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Environmental Impact Assessment - Public participation in EIA
 

Effectiveness of Public Participation in India
  
     
The purpose of EIA should not be just to assess impacts and complete an environmental impact statement (EIS); it is to improve the quality of decisions. Through informing the public the project proponent can make environmentally sensitive decision by being aware of a project's potential adverse impacts on the environment. Another purpose of EIA is to inform the public of the proposed project and its impacts. In this context public participation provides crucial information. Through their participation the project proponent will be able to take advantage of the information that citizens contribute concerning values, impacts, innovative solutions and alternatives. There are other reasons why public should be involved in EIA. The literature puts forth four basic positions (Shepherd and Bowler, 1997). First, public participation is regarded as proper, fair conduct of democratic government in public decision-making activities (Gelhorn, 1971; Fox, 1979). Second, public participation is widely accepted as a way to ensure that projects meet citizens' needs and are suitable to the affected public (Pearce et al., 1979; Forester 1989; Tauxe, 1995). Third, the project carries more legitimacy, and less hostility, if potentially affected parties can influence the decision-making process (Chapin & Deneau, 1978; Susskind & Cruikshank 1987). Finally, the final decision is `better' when local knowledge and values are included and when expert knowledge is publicly examined (Parenteau, 1988; Webler et al., 1995).
  
Some argue that it is better not to include the public in EIA as it will be quicker and most cost-effective to exclude the public in EIA. Project proponents eager to implement their project may fear that citizen involvement will delay their schedule or force them to revise the project (Portney, 1991). Public participation may be regarded as unnecessary because citizens lack project-specific expertise and it is just necessary to educate citizens about the merits of the project (Fischoff et al., 1981; Krimsky & Plough, 1988). To the project proponent, it may look more prudent to push the project through quietly rather than run the risk of a public process. However, excluding the public does not ensure expediency either. Alienated citizens tend to delay the implementation of the project though time consuming legal action if they feel that their rights are curbed through project implementation (example see the case studies on Silent Valley, Tehri Dam, Dahanu in this section). Therefore, the project proponent needs to consider not only the risks of including versus avoiding citizen input, but also the potential benefits of establishing a long term co-operative relationship with citizens.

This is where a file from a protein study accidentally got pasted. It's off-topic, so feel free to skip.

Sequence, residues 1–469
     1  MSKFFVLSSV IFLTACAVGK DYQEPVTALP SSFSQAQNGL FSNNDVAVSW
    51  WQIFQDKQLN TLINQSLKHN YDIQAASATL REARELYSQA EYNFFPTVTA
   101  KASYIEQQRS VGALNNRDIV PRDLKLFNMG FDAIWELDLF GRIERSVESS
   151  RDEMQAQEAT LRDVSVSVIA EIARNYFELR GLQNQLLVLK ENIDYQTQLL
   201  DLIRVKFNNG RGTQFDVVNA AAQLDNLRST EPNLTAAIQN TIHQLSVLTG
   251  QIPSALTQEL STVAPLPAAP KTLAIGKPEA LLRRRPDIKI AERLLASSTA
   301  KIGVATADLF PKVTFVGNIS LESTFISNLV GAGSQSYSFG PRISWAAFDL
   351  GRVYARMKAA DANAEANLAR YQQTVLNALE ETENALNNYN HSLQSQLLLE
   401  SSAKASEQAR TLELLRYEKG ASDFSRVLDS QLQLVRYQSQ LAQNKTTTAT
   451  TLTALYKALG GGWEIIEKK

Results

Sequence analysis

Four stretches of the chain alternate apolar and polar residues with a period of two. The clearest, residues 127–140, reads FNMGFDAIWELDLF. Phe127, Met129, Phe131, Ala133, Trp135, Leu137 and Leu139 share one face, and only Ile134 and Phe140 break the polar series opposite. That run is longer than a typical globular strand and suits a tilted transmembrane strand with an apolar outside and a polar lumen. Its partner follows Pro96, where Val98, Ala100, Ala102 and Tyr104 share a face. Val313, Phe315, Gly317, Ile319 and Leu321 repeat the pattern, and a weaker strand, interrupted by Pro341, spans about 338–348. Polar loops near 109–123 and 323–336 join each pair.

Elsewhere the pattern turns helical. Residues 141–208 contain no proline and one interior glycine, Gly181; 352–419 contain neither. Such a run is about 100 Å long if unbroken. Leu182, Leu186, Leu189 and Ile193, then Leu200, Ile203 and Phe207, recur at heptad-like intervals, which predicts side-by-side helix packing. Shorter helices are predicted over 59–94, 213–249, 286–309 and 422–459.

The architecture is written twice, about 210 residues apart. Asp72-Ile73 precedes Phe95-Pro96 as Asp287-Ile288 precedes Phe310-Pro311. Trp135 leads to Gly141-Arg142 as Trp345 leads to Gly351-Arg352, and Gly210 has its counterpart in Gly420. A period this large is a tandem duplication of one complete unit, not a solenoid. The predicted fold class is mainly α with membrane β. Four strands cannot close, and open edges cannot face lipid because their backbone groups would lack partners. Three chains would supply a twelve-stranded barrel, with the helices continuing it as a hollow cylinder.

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Scope for public participation in India
   
Table 3 gives the role of different actors in different stages of EIA. It can be seen from Table 3 that public participation in India occurs too late in the decision-making process and at this stage it is not possible to influence any of the characteristics of the project (like type, size or location). Though the public is involved at the hearing stage, here it is merely a formality as by this time the project proponent more or less has decided to go ahead with the project. The objective of public involvement at this stage may be just to defend a decision that has already been made. So far, citizen involvement in India has been limited to public hearing stage, legal action to halt the project or to force the inclusion of mitigation measures (see the case studies). Grima (1985) notes that the later that public participation occurs in the EIA process, the higher the risk that public comments will only minimally influence the final decision. Secondly, public participation is extremely limited and takes place before project implementation. But the project planning and implementation requires continuous involvement of the public during various stages. Several studies have revealed serious deficiencies in the hearing process too (Sinclair and Diduck, 1999). To add to this problem, information available on the EIA process could assist people in understanding the purpose and objectives of EIA is scant and not user friendly because the summary documents are written in technical language without providing a glossary of key terms.

Even for projects that have already received their no objection certificates the public does not have access to EIA project reports and environmental management plans (Sinclair and Diduck, 1999). In regard to the hearings themselves, there is no indication prior to the hearings of what procedure was going to be followed or how the hearing panel was chosen. Assistance for members of the public on how to participate, e.g., how to prepare a brief report or how to make a presentation is also not made available. There is no background information too provided on what an environmental impact study should contain or how to critique such a document. Obtaining expert assistance was not promoted in any way and funding is also not available to public participants. Members of the public have to cover their own "traveling and incidental costs" (Sinclair and Diduck, 1999). Finally, there is no indication of how public input provided at the hearings is going to be used in the decision making process. 

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http://coe.mse.ac.in 2003-09. Madras School of Economics - Systems Department